love of one's country regarded as a religious duty; He devoted himself with indefatigable zeal to 5. on sensibility. The others are on different the instruction of those pupils who were entrusted branches of mathematics, astronomy and navi. to his care. Ile was incessantly occupied in gation, of which the last was published in 1793. studying everything that had been written on During his last illness he arranged all his papers, natural philosophy in all the languages, and and amongst them a parcel was found, containlikewise soon made himself master of the theory | ing all his diplomas, titles, acts of installation, &c. of chemistry.

on the cover of which he had written :He was not only an excellent teacher of the Ilamlet. Is not parchment made of sheepsciences to his pupils, but also as excellent a skins ? guide for their good conduct, inspiring them by Horat. Ay, my lord, and of calves-skins too. precept and example with a love for virtue and Ham. They are sheep and calves which seek morality. He had for them the solicitude of a out assurance in that. father, conversed with them as with his equals,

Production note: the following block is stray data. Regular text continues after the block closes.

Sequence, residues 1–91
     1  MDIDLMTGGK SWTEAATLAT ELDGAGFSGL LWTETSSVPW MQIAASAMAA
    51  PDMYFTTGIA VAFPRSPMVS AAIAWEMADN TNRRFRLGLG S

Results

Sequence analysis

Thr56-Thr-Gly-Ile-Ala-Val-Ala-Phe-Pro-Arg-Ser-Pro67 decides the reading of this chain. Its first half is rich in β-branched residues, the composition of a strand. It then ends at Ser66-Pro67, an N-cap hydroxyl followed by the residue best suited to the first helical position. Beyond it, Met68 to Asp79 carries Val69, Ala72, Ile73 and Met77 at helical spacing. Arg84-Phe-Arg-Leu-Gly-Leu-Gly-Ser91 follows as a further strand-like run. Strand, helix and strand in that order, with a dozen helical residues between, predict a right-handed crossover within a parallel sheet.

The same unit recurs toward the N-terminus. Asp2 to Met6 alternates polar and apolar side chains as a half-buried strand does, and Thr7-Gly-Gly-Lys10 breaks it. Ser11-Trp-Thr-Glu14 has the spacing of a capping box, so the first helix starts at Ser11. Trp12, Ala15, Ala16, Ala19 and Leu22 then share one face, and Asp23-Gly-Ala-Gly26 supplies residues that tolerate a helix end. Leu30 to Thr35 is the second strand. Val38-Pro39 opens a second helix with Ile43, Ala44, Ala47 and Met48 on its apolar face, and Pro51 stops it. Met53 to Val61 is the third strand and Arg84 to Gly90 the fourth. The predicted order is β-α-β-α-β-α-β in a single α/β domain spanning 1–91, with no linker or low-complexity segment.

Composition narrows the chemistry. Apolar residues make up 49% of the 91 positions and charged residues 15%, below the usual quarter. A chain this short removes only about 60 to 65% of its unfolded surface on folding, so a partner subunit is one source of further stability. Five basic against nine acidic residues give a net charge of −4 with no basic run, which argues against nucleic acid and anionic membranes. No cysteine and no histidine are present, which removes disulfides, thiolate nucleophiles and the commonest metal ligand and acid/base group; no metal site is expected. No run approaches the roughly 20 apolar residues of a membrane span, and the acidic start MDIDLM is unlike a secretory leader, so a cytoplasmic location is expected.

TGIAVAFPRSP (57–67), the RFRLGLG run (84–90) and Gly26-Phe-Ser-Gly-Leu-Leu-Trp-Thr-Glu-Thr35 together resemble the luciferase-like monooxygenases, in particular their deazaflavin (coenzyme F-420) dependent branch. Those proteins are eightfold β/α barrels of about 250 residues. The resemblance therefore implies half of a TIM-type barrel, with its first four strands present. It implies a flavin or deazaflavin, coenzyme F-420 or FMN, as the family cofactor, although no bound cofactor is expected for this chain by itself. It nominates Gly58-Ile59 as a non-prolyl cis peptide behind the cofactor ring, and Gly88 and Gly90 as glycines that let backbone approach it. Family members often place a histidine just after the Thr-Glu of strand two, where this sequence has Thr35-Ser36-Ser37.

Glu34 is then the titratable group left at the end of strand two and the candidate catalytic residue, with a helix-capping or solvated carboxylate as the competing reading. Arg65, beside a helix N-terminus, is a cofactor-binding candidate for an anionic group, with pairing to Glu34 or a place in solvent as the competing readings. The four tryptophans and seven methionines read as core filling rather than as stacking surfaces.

Count T, chamberlain of the Duke of advised him to keep up his spirits, and to seek Bg, lost, by a sudden and violent fever, his some diversion. young, beautiful, and amiable consort, with In this manner several months passed away; whom he had lived scarcely a year in unintero || the carnival arrived, and to him that period of rupted conjugal felicity. This heavy affliction amusement was as destitute of pleasure as any reduced hiin to the brink of despair. He bimself which had preceded it; he seemed to have bidwas still young, rich, respected by many, envied den an eternal adieu to every enjoyinent. by more, distinguished by his rank, and in a still The prince at length grew weary of his long higher degree by the favour of his sovereign; had | dejection. In the mean time many courtiers he but signified his pleasure, all the young females had endeavoured, perhaps purely from disinter. about the court would have been ready to offer ested attachment to his serene highnes, to fill the him their hands. This, however, afforded him | place of the negligent favourite, and had also no consolation. Notwithstanding his illustrious occasionally indulged in satirical reflections on the descent, he was so unfashionable as to possess a gloomy melancholy, and extravagant tenderness heart susceptible of the most tender and generous of this new Orpheus, whose only cry was,feelings. He now shunned all the brilliant circles, | Eurydice! Eurydice! Their sarcasms and their and while he suffered the Prince very often to go | designs were alike unsuccessful; a stern look unattended to the theatre and to the chace, he from the Duke had always instantly checked confined himself almost entirely to his own bouse. the brilliant current of their humour. The There he frequently shut himself up for half the Prince was seriously concerned for a man whom day with his sorrows and a portrait of his beloved he had known from his youth, and with whom, wife, in a small lonely closet. When he quitted i though he had studiously avoided interfering in this retreat he conversed with not more than two the affairs of government, he could nevertheless or three of liis most intimate friends; in company converse on many o her subjects besides the last even with them he was often visibly absent, and stag with sixteen branches that had been shot, or listened with anguish in his heart and a smile the latest opera-dancer; he therefore resolved upon his countenance, when they sometimes himself to attempt his cure.